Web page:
I’m sure you have found something comfortable which stays in place. I bought one with a clear plastic patch over the mouth which makes lip reading sort of possible for the hard of hearing, thinking that might help singers at a distance from me stand more chance of engaging – at least that was the sales hype! It cost £15 plus p&p – and is rubbish. It’s poorly made, uncomfortable and the plastic window steams up – of course it does! Buyer beware.

If you fancy some simple, delightful and reflective singing crafted online, you might like this simple song written by the most energetic song writer and community musician I know – Gitika Partington. I like its message and inspiration and even if we are in different boats or trains, driving on different roads and walking other paths – we are all in the same storm and under the same sky. Here’s the link, and the words below:

SINGLE SKY by Gitika Partington and Andy McCrorie-Shand

The Dialing Tone Chorus released their 5th Virtual Choir Video on 24th October 2020 to coincide with UN Day and the clocks going back. On October 24, 1945, 51 countries came together to create the United Nations. Its purpose was to promote peace and cooperation around the world. … The event was to be observed by all member countries. United Nations Day continues to be celebrated globally, as part of United Nations Week. Reminding us there is a Single Sky.

1. We’re on the same boat, crossing the same sea. Oh woh

We’re on the same road, walking the same street. Oh woh……

 2. We’re on the same train, rolling the same lines. Oh Woh

We’re on the same flight, crossing the same times. Oh woh…

LEAVING DARKNESS PASSING BY, SHARING STARS UNDER A SINGLE SKY

 LEAVING CLOUDS YOU TELL ME WHY, SHARING LIFE UNDER A SINGLE SKY

3. We’re on the same train, rolling the same lines. Oh Woh..

We know the same songs, we’re singing the same rhymes. Oh woh…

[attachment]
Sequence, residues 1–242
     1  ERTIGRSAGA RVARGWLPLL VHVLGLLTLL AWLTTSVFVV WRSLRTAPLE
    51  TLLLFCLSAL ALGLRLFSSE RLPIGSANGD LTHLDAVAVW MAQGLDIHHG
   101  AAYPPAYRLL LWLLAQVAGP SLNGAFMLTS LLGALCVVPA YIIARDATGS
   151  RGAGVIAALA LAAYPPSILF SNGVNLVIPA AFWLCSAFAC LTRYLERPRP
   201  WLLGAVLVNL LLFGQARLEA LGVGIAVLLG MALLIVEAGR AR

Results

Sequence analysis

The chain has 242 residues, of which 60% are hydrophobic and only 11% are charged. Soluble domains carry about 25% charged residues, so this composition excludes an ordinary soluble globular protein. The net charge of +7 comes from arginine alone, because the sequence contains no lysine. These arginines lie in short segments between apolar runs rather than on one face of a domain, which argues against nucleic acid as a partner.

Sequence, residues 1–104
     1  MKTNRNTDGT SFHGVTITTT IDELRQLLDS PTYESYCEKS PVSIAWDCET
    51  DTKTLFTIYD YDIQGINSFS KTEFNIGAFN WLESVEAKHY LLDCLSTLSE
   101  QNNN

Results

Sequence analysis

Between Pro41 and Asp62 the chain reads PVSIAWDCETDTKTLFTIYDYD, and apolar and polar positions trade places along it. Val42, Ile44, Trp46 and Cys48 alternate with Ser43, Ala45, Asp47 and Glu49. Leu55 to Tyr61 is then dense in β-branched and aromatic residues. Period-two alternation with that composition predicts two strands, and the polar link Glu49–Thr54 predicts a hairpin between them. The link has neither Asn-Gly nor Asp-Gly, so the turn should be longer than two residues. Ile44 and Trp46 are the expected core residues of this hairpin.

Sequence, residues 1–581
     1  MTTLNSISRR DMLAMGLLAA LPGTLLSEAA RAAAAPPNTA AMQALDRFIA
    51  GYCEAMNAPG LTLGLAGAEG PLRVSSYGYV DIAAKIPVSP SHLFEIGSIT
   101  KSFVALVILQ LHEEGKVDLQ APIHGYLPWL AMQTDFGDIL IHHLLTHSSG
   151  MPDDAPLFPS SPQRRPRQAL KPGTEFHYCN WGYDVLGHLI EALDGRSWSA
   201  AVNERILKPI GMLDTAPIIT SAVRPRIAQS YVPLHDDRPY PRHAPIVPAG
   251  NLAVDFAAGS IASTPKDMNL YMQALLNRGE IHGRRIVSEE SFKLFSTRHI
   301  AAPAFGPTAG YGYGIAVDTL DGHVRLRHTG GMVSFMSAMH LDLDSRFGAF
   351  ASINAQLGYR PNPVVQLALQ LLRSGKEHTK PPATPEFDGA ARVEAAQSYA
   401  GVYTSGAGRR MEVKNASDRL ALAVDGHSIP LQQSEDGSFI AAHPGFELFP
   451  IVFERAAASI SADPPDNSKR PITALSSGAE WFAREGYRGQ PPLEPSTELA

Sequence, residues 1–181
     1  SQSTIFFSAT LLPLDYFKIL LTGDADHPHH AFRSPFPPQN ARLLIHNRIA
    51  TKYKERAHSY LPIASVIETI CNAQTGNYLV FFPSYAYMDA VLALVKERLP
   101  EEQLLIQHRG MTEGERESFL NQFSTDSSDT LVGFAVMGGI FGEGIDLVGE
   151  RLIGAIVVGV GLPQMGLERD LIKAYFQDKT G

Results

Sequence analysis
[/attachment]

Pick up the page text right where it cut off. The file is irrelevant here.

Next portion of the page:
CHORUS

Everyone tells us, it’s gonna work out fine They say it’ll turn out in the end All we know is we share a single sky (In love in faith in hope my friend x2) (leaving darkness passing by single sky leaving clouds you tell me why single sky x2) Way oh ..single sky

CHORUS (x2)

And finally to this edition’s selection from the Leading Notes newsheet of spring 2011, no. 26. A pretty regular feature each term was some kind of quiz, often related to the forthcoming concert or music in general. The upcoming programme (April 16th) was Bach’s St John Passion in Deddington Church (oh yummy, if only!). This rather clever little programme note played with the theme of translating composers’ (and one conductor’s) names into English. The text gives clues – see how you get on, good luck. Answers a bit further down in very small text!

You will certainly be familiar with Joe Brook (1) who spent his life writing church music for wealthy patrons. Freddy Trade (2) was in much the same line of business, but in addition wrote music for hooty horns celebrating a right Royal Thames Barge Festival. Later, this chap called Dick Coachbuilder (3) built himself a wooden theatre for the performance of his long music dramas, with uncomfortable seating to discourage inattention. A waltz-king was Joey Ostrich (4), whereas Dick Ostrich (5 and no relation) was in the opera business and is well known for a sexy one about a rose-queen. Further south, Joe Green (6) packed the opera houses year after year on into his old age, Shakespeare inspiring his take on the one about the Moor of Venice. At the beginning of his reign, Peter Jagd (7) inspired valiant CNCS troops to tackle a performance of the great and early Evening Service by Claud Greenhill (8).

1  Johann Sebastian Bach

2  George Frederick Handel

3  Richard Wagner, theatre at Bayreuth

4  Johann Strauss

5  Richard Strauss, ‘Der Rosenkavalier’

6  Guiseppe Verdi, ‘Otello’

7  Peter Hunt

8  Claudio Monteverdi, Vespers of 1610

Keep smiling and stay safe, from the M@tF